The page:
It was about an hour's drive. Near the end, we summited a ridge and saw this view down into the valley where Swansea Townsite is located:
The site is well signed. We stopped to read the historical markers:
Swansea was settled around 1909. It served as a mining town as well as a location for processing and smelting the copper ore taken from the nearby mines. Prospecting and mining in the area first began around 1862, but the remote location and lack of transportation kept activity to a minimum.
By 1904, the railroad was coming to nearby Parker, and local miners Newton Evans and Thomas Jefferson Carrigan saw an opportunity to develop the area. Within a few years, the two miners had built a 350-ton furnace, a water pipeline to the Bill Williams River, and hoists for five mine shafts.
By 1908, the claims in the area had been consolidated by the Clara Gold and Copper Mining Company, which set up its headquarters in the mining camp that would become Swansea. That same year, what was to become the Arizona and Swansea Railroad connected the town to Bouse about 25 miles away. These two factors spurred the growth of the town, and its population quickly grew to about 300 residents. At its peak, Swansea boasted an electric light company, an auto dealer, a lumber company, two cemeteries, a saloon, theaters, restaurants, barbershops, an insurance agent, a physician, and of course the local mining and smelting facilities.
The town was short-lived. By 1911, the Clara Consolidated Gold and Copper Mining Company was in financial trouble. The company's promoter in Swansea, George Mitchell, spent considerable sums of money on improvements aimed at attracting investors at the expense of practical improvements to the process of mining, hauling, and processing ore. As a result, the high cost of improvements coupled with the high cost of production meant that the mines could not turn a profit, as the per-pound cost of copper production exceeded its price by three cents. The company collapsed in 1912, closing down the mines.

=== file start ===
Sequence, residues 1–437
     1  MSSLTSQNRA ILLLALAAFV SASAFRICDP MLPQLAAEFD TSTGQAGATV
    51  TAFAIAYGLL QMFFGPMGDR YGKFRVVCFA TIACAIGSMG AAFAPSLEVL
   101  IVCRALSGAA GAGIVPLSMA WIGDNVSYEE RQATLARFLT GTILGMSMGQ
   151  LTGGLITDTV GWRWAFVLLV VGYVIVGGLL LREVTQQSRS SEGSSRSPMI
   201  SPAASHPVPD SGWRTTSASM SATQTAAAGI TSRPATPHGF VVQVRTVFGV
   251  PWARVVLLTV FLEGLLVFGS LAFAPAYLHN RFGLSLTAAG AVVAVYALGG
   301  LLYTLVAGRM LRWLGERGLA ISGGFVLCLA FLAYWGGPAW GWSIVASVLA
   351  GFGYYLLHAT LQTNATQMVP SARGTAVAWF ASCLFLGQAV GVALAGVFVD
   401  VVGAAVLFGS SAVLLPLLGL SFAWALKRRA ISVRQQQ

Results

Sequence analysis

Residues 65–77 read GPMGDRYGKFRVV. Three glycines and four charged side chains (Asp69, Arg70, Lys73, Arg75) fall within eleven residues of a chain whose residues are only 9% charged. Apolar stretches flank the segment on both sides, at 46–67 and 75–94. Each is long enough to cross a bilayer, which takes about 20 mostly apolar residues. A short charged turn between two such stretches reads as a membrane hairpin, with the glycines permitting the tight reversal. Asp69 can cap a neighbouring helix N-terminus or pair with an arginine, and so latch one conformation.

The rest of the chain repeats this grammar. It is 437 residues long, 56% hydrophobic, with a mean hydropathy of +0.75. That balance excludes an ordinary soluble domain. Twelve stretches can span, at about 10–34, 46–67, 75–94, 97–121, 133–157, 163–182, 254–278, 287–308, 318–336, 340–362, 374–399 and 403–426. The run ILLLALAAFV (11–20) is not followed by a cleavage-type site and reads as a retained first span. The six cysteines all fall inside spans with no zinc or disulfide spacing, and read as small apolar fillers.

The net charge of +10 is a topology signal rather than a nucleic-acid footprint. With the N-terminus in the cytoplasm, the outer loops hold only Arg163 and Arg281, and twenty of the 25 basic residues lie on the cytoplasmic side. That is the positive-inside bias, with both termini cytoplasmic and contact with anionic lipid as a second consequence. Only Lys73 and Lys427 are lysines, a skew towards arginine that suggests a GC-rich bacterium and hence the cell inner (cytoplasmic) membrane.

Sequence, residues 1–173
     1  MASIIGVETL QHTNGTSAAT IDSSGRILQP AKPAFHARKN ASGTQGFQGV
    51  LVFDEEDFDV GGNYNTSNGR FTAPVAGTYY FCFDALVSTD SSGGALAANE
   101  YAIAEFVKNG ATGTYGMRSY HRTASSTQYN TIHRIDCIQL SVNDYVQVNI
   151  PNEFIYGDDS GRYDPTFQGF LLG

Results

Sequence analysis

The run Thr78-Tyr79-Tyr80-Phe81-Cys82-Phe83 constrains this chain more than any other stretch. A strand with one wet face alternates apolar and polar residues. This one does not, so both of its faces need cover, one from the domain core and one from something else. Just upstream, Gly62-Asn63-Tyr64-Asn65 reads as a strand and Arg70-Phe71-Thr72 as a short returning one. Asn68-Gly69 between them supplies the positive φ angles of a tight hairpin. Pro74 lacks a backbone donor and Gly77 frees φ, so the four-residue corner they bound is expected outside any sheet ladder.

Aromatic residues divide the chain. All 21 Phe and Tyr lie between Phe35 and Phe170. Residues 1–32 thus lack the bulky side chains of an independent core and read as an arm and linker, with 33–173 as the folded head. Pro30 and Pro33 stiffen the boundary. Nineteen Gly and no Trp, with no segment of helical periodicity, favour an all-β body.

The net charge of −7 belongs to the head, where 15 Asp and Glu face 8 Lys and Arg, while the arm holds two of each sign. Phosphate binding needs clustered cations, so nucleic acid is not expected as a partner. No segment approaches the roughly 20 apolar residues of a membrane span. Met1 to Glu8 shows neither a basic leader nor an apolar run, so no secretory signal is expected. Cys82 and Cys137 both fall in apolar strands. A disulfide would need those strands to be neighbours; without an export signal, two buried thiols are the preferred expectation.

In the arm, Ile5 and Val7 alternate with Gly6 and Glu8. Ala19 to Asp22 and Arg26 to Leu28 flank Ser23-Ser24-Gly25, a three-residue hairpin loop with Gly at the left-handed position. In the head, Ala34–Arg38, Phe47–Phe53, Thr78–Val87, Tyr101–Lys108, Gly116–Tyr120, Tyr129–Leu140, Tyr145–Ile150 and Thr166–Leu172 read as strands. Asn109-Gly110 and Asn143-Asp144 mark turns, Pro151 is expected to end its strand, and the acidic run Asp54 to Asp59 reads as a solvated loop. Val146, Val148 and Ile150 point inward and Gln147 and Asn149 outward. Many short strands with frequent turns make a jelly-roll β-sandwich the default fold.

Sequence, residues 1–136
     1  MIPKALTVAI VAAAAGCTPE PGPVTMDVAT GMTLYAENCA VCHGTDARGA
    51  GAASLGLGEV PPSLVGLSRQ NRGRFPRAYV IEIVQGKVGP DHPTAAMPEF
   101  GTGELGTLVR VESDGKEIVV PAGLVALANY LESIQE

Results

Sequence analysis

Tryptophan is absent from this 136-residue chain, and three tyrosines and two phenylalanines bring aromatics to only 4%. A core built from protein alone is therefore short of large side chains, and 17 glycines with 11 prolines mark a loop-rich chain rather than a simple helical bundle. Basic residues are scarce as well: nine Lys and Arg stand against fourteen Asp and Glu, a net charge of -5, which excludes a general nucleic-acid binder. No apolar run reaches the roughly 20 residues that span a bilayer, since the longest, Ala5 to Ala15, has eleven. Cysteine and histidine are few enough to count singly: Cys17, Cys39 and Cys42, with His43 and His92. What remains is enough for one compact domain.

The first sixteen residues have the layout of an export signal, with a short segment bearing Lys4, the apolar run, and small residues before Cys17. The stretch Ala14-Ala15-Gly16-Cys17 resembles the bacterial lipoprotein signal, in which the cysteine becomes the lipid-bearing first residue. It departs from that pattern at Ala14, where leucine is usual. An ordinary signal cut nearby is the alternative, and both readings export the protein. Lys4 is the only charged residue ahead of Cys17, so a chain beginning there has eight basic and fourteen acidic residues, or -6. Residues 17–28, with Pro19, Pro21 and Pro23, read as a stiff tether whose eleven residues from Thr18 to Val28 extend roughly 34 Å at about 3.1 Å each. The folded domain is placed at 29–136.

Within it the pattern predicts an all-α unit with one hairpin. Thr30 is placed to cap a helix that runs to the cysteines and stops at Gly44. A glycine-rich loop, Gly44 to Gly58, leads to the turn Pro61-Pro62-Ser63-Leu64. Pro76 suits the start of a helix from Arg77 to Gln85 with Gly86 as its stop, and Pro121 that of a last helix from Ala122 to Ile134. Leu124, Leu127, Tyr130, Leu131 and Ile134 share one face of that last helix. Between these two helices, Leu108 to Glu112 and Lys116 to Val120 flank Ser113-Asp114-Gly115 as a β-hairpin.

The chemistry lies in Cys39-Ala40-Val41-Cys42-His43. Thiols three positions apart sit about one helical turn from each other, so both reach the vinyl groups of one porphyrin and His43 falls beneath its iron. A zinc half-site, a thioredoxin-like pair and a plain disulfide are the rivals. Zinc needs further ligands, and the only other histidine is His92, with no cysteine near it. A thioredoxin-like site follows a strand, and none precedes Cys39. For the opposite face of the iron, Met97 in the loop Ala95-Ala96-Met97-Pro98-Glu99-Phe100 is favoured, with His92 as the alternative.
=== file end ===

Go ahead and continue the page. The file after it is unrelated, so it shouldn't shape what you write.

A new owner reopened the mines, and Swansea lived on until just after World War I when copper prices dropped, and the town went into a steep decline. Swansea's post office was discontinued on June 28, 1924, and the population dispersed. By 1937, the mines shut down, and Swansea was already a ghost town.
Today, Swansea is under the protection of the Bureau of Land Management (BLM). You can still see a number of adobe structures, the remains of the railroad depot, two cemeteries, and several mine shafts. Remains of numerous cars can be seen scattered throughout the site. The BLM has restored roofs to rows of single-miner's quarters:
The miners' quarters boast views of the valley below.
Foundations of other structures remain, such as the general store:
However, adobe walls have been deteriorating, leaving partial walls as unique sculptures in the middle of the desert:
Some vehicles still sit where they were last parked, but the desert is slowly swallowing them:
Slag piles and tailings loom over the foundations of the main mining buildings:
This wall and its dramatic vents are all that remains of one of the separator buildings:
The ruins have become part of the dramatic Arizona landscape:
We only had time to spend about one and a half hours walking around the townsite, but we could have spent several hours exploring the ruins of the ghost town. The trip paid much higher dividends than we expected!